For Anthony Fischetti and his family, it was a chance to get together with people who know firsthand what he has been through.
Fischetti, his wife, Alejandra, son, Anthony Jr., 10, and daughter, Hana, 5, were among the 400 who showed up by early afternoon Sunday at Heckscher State Park in East Islip for the first World Trade Center responder picnic.
"They have become like family," Fischetti, of Bay Shore, said. He gestured to his fellow picnickers, who were chowing down on free hot dogs and hamburgers as they listened to live country and western music by the Roadhouse Band and an a cappella group called the Stardusts. "They really supported us when we needed them."
Fischetti, a carpenter, volunteered for five days at Ground Zero as part of a search and rescue team. Although New York City has never admitted a link between working at Ground Zero and medical ailments, he said he now suffers from respiratory and stomach ailments as well as depression, which he attributes to his work on the pile. He said he had recently lost 45 pounds from stress.
"It's important for people to commune with one another, with their brethren. Lots of times people don't realize they're not alone," said Dr. Benjamin Luft, director of the Long World Trade Center Medical Monitoring and Treatment Program. The program, a main sponsor of the picnic, follows about 5,000 first responders from Long Island.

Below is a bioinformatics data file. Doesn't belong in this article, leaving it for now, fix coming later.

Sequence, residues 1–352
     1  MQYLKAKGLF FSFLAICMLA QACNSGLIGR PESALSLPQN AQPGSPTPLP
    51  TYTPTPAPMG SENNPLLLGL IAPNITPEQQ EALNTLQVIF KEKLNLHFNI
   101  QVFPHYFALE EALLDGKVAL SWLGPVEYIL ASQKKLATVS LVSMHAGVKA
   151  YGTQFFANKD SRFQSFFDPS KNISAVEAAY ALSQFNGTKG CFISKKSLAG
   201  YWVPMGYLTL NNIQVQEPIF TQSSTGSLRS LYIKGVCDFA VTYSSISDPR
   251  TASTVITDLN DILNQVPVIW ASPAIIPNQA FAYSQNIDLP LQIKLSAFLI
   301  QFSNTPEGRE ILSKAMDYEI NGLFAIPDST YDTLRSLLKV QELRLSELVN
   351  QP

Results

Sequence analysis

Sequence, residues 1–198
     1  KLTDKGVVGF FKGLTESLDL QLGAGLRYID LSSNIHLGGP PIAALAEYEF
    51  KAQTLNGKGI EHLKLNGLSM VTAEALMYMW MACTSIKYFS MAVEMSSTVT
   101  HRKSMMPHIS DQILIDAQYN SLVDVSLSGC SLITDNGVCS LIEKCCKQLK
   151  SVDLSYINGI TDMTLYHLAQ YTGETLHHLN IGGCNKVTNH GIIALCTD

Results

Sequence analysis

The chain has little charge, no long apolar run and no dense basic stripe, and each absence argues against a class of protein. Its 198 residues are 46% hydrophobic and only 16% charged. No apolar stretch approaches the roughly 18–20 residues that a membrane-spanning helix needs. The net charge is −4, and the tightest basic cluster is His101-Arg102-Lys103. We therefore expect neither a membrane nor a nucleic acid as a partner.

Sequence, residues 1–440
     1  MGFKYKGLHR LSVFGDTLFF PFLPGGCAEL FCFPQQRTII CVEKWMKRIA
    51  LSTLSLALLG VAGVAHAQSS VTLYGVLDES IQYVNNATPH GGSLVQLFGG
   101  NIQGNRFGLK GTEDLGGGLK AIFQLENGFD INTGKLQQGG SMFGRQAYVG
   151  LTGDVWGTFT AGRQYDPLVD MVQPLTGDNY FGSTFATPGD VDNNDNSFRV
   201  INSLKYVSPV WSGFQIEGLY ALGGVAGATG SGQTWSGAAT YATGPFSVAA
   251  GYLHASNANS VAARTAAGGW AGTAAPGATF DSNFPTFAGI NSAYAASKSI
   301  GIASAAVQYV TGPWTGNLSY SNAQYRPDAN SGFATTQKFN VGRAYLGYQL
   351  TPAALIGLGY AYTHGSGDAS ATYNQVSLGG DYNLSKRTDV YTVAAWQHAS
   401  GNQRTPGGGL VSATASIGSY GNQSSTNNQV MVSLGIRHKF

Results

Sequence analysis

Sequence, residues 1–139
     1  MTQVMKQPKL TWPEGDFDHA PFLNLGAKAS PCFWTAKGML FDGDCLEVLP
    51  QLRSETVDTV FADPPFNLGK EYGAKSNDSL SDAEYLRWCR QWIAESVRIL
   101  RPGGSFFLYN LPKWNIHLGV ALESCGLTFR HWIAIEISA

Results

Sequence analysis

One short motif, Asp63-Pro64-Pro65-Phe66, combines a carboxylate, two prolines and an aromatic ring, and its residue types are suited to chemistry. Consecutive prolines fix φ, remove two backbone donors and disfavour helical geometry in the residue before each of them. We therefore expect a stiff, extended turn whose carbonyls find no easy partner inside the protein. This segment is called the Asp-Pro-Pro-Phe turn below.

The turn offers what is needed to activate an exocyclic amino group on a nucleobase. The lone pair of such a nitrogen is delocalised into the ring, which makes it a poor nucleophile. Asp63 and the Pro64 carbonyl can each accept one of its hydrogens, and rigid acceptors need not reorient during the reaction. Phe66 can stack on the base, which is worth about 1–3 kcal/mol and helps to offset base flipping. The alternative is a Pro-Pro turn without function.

John Feal, president of the first responders' advocacy group FealGood Foundation, the other major co-host of the picnic, agreed. "We have all suffered but we can all enjoy one day together," he said.
Nevertheless, politics lurked not far in the background. Rep. Steve Israel (D-Huntington) told the crowd he would work to pass the $4.7-billion Zadroga bill, named after the late NYPD Det. James Zadroga, to reopen the victims' compensation fund. The bill was voted down by the House, 255-159, in late July.
"I am happy to be here but I'll be even better when Congress passes the Zadroga bill," he said.